The Janusian Way

The People’s Broadcast is airing as we eat our dinner. They are currently live broadcasting Queen Solar’s craft landing on our planet. It’s only been a few cycles since we sent our distress signal but she promptly responded to it.
“Queen Majel was a great queen,” my great-great-great-great grandmother (I call her Grandma Ahn) begins. She’s still full of fire as if she’s not many centu-eons old. “She takes care of us. Doesn’t go around telling other planets about our Fountain. For one day she’s out of the picture…” she clicks her tongue, “… and her daughter ruins everything.”

“Queen Solar didn’t let the space pirates escape with the Water at least,” I say after chewing my food.
“But she destroyed the Fountain, Qi. Are you not going to have your Christening? Nobody has aged past 21 eons. Do you want your generation to die?”
I flatten my food against the plate. Grandma Ahn and I are always on opposite sides of many spectrums. Her generation always thinks their way is the correct one just because they found the Fountain.
At my lack of answer, Grandma Ahn shakes her head. “You kids know nothing.”
My fist clenches at that, but I stay silent throughout the remainder of the dinner.
With the Christening in four deca-cycles, my schoolmates are all talking about how we would be the first generation in milleneons to turn 22. I usually spend my cycles alone, but one cycle, a classmate—Flora—invited me to a gathering at her family’s unit.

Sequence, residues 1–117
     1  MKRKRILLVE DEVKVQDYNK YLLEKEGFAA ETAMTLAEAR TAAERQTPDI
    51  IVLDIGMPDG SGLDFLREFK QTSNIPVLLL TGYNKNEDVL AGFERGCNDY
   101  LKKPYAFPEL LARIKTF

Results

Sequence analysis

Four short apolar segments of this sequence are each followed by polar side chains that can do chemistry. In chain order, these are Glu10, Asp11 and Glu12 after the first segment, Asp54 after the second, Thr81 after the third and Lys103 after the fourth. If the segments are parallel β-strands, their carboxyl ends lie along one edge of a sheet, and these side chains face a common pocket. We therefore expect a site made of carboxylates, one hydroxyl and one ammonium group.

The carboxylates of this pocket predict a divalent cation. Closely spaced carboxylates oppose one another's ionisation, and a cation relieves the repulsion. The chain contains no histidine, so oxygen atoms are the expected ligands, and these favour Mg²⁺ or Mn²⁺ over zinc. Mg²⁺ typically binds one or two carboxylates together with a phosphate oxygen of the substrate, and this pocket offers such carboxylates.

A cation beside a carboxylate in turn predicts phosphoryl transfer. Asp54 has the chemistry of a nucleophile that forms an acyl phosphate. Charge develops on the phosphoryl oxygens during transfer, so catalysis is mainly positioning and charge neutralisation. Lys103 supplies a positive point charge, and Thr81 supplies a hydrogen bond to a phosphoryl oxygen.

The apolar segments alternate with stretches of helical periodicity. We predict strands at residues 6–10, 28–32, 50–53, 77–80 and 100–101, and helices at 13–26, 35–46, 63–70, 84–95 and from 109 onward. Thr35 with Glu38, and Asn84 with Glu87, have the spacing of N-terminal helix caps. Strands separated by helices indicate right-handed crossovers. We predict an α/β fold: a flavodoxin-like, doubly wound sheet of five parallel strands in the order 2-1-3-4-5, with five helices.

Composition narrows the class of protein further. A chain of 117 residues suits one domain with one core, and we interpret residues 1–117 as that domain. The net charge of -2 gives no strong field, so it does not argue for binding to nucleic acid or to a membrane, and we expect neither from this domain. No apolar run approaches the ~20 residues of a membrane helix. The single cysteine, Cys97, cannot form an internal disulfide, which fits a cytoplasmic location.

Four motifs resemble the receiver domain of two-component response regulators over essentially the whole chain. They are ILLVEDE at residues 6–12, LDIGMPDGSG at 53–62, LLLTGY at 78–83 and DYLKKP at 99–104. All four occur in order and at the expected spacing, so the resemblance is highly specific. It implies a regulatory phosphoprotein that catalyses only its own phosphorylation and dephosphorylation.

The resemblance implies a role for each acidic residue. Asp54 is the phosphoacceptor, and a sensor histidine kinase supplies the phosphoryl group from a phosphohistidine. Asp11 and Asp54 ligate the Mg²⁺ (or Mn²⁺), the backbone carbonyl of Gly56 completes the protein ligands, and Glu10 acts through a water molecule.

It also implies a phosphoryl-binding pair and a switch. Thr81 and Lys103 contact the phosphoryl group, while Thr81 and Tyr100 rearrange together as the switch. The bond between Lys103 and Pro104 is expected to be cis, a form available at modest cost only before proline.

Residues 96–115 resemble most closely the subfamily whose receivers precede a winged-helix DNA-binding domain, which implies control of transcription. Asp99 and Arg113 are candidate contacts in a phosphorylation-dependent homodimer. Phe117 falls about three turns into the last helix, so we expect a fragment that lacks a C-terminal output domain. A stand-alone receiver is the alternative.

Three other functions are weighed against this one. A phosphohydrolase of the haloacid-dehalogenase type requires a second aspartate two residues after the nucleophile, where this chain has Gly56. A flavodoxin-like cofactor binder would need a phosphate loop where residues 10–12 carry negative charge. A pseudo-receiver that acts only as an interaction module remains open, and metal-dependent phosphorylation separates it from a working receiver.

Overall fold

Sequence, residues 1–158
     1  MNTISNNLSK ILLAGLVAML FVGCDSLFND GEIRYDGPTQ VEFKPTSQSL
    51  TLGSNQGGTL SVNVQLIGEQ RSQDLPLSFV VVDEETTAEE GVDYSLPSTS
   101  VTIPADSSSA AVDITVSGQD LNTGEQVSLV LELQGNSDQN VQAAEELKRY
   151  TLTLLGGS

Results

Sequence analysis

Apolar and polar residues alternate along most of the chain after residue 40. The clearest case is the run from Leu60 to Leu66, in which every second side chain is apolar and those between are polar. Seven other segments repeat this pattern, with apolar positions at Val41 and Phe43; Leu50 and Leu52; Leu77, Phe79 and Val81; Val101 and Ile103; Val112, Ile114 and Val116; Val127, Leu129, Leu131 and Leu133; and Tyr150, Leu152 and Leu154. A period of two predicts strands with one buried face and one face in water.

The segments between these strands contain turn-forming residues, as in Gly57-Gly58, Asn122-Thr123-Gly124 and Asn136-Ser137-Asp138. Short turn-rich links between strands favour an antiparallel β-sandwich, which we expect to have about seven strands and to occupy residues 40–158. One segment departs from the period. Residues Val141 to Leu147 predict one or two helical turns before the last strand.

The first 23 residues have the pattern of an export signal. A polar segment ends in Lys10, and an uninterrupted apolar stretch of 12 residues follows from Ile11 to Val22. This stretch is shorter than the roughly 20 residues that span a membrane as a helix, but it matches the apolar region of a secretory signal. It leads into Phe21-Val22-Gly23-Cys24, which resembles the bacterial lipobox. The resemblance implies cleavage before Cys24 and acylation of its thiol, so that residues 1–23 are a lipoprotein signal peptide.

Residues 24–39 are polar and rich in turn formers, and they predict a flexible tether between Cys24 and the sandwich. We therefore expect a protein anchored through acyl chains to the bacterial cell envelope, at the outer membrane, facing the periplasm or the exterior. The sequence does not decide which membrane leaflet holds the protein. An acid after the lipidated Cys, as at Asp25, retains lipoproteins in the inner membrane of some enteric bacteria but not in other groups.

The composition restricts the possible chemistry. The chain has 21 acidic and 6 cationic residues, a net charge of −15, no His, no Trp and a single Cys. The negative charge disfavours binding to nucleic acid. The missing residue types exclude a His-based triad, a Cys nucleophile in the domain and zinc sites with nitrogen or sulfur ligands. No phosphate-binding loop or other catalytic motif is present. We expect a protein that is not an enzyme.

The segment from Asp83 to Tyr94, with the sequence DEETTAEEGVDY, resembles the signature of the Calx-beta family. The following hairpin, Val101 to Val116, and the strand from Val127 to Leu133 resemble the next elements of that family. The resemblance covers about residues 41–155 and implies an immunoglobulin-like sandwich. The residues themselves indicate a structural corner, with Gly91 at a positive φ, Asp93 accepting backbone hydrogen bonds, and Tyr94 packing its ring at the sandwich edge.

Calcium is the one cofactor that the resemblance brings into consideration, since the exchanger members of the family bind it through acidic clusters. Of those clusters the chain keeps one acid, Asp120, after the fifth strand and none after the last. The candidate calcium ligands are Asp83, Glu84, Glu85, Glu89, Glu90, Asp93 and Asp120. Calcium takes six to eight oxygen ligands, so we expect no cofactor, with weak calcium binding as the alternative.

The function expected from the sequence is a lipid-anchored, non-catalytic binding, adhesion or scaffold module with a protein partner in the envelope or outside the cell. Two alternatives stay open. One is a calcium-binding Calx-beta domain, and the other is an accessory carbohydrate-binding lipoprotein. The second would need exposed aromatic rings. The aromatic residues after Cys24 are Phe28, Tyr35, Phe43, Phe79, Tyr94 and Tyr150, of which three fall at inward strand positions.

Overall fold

I only attended at first to find out more about Queen Solar’s efforts to rectify her mistakes. I learn she’s gone to geographers to search for another Fountain; to historians and spiritual leaders to figure out how to enchant water sources; to her team of scientists to scientifically re-create the Water’s properties…
“What do you think about the whole thing, Qi?” Flora asked at one point. I didn’t know we’re supposed to share, so I froze. Thankfully, Flora understood. She had a warm smile. “It’s okay. Talk to us when you want to. It doesn’t have to be now. Just remember this is a safe space. We’re all going through the same thing and nobody is going to judge.”
Little Hal became a hero by accident. Literally.
The young boy was playing around in the field when a small Pyrolian attacked him. Pyrolians are not dangerous. They’re defensive creatures who primarily guard the Fountain. However, now that the Fountain is destroyed, it’s probably lost and purposeless.
By the time the toddler’s parents found him and rushed him to the healing centre, he was half-conscious losing consciousness. My mom who works there told me the Pyrolian gave Hal a deep cut spanning from his wrist to his shoulders.
Getting hurt is a rare occurrence for Janusians. Everybody holds off their reckless desires until they’re 21. After the Christening, everyone can be as impulsive as they want. They can’t die, so there’s no consequences.
“Thank god Queen Solar was there,” mom says as she types up her report.
“Don’t say that to Grandma Ahn, she hates her,” I interject.
My mom nudges me as her eyes dart to the door with high alert. “Don’t say that. She might hear you.” We both chuckle. “Anyway, Hal lost a lot of blood and the Queen suggested this procedure called a ‘blood transfusion’. We got Hal’s grandmother to do it and he’s good as new.”
But he’s better than new. During a full body exam, Queen Solar’s scientist found traces of the Water in Hal’s blood. The royal advisor, Rigel, announces the findings on the Broadcast.
“Because of Little Hal, now we know that the Water can be transferred from one Janusian to another, but it has to be done through blood transfusion.”